Back in time: Latest RMBS deals carry past risks

Prepayment timelines, loss severities could mirror pre-crisis days

Recent residential mortgage-backed securitization deals are carrying a few structural features similar to transactions from the pre-crisis days, posing potential challenges of absolute levels of losses and timing of prepayments.

To be clear, the mortgage bonds under surveillance will only incur losses in low-probability scenarios. However, in these unlikely events, and the securities take a turn for the worst, the severity of the transaction produces monumental consequences, according to Moody’s Investor Service (MCO). The extent of which would bear remarkable resemblance to the same extent experienced when the Great Recession first began to unfold. In other words: Big losses for investors.

Moody's is sounding the warning because, even though the risk is small, they felt it is important to highlight the highly technical structure of recent RMBS. Investors may overlook, or not even be aware of, these risks, no matter how unlikely to materialize.


In the report, Moody's cites deals where super senior support bonds can incur vastly high losses when compared to the super senior bonds they support.

Support bonds are typically small relative to the super senior bonds, these securities could incur a very high loss severity because any losses that support bonds will constitute a large percentage of the support bond’s balance.

Given that a deal’s rating reflects not only the profitability of a bond’s default, but also the severity of the loss in the event of the default, a support bond’s small size means that it might need more enhancements than a larger bond would to achieve a particular rating at a given pool expected loss, Moody’s concluded.

In an example, Moody's lays out two deal scenarios, citing the second structure as the more favorable:

A $10 loss on a $100 single-tranche senior bond results in a loss severity of 10% for that bond. A structure that splits that bond into an $80 super senior bond and a $20 support bond, however, will produce a stronger bond that would realize no losses and a weaker bond with a loss severity that is much higher than what the original bond’s would have been.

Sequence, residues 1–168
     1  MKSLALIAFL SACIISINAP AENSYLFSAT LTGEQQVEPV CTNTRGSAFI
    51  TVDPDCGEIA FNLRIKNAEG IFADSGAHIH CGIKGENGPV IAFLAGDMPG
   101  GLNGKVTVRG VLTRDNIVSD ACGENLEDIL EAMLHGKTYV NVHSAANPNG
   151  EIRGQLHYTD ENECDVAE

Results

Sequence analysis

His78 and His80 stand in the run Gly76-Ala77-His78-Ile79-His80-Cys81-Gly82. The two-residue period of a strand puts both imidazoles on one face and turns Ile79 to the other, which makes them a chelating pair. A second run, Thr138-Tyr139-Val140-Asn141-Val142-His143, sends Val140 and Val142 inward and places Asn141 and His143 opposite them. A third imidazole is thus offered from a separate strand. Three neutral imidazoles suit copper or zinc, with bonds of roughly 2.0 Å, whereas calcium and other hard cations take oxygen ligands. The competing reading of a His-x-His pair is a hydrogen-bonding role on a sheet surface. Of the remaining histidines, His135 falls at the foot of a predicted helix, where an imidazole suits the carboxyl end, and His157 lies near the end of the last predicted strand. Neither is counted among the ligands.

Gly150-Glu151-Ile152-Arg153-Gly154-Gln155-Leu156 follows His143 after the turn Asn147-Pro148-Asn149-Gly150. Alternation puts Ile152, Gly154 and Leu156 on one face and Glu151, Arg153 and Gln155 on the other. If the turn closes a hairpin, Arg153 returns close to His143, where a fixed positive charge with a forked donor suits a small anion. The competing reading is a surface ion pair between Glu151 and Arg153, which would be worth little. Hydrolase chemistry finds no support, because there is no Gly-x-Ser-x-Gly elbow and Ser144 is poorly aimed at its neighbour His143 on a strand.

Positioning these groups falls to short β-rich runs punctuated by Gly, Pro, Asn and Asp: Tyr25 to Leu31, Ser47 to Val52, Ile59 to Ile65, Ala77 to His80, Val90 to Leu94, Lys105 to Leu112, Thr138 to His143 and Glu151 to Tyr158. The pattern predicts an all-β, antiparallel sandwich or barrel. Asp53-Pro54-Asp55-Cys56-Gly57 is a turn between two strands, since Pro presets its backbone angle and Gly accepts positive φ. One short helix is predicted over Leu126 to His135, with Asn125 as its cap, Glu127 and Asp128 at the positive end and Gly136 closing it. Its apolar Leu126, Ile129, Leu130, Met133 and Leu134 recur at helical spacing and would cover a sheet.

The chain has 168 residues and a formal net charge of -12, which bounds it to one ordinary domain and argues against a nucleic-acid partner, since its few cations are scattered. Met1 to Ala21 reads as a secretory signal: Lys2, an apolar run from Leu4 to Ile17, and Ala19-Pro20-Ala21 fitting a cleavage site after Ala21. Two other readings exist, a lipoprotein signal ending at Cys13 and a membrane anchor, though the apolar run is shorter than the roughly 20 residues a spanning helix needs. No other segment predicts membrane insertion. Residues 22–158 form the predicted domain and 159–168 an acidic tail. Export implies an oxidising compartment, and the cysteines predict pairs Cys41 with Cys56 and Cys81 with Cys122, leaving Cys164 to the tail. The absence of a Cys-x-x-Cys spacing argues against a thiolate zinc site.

In the first scenario, the support bond is sliced too thin to provide meaningful senior support. The support bond risks depletion with a 10% loss severity. Going forward, Moody's suggest that the loans need more insurance compared to collateralization to avoid such severe measures within these transactions.

"Super senior/support bond combinations were common in RMBS transactions before the financial crisis because they added extra protection to the senior bond at the top of the structure, although this protection came at the expense of the support bond," the report states.


Exchangeable securities are also another common feature in pre-2008 RMBS. Again, the feature is popping up in recent transactions as well. An exchange option allows an investor to exchange multiple bonds for one bond or one bond for multiple bonds. Ideally, such a structure will leave the holder of the post-exchange securities in the same credit position as before the exchange.

The overall issue is that the initial exchangeable bonds do not hold the same overall credit quality. Pro-rata loss allocations should equally split the support bond. 

For example, in the above (bad) scenario, say a bond uses 10% loss severity. According to Moody’s analysts, if split into two, post-exchange bond, each should get 5%. Some transactions bundled the entire 10% into only one of the new post-exchange bonds, depleting support in the other and leaving those investors at much higher risk.

Another factor within these transactions is that principal-only bonds are vulnerable to back-end losses from slow paying discount loans.

PO bonds can also be sensitive to prepayments and losses on bonds within the RMBS transaction.

"Because their cash flows come only from the discount mortgage loans, these PO bonds are vulnerable to tail risk that the transaction’s conventional principal and interest senior bonds aren’t in scenarios in which the non-discount portion of the pool pays off more quickly than the discount loans and losses are back-ended," Moody’s analysts explained.

Simply put, the discount loans are inherently more susceptible to slower prepays because their interest rates are lower than the rates on non-discount loans.


Moody's is not suggesting investors head for cover and exit the private-label market. Actually, the tone of the research indicates the opposite. Surveillance such as this was not as widely available in the run-up to the crisis. Presumably, investors are doing their homework on their holdings and the production of such a piece of research says as much.

The structural nuances are also a product of the investor community, according to Moody's.

"Some RMBS issuers have in recent transactions re-introduced structural features from precrisis transactions that allow them to offer senior bonds with a variety of cash flow allocations to match different risk appetites and yield requirements," the research states.

If such is the case, then there is little more to be done. Investors need to be aware of any and all risks, in other words, but not to be frightened by the prospect.

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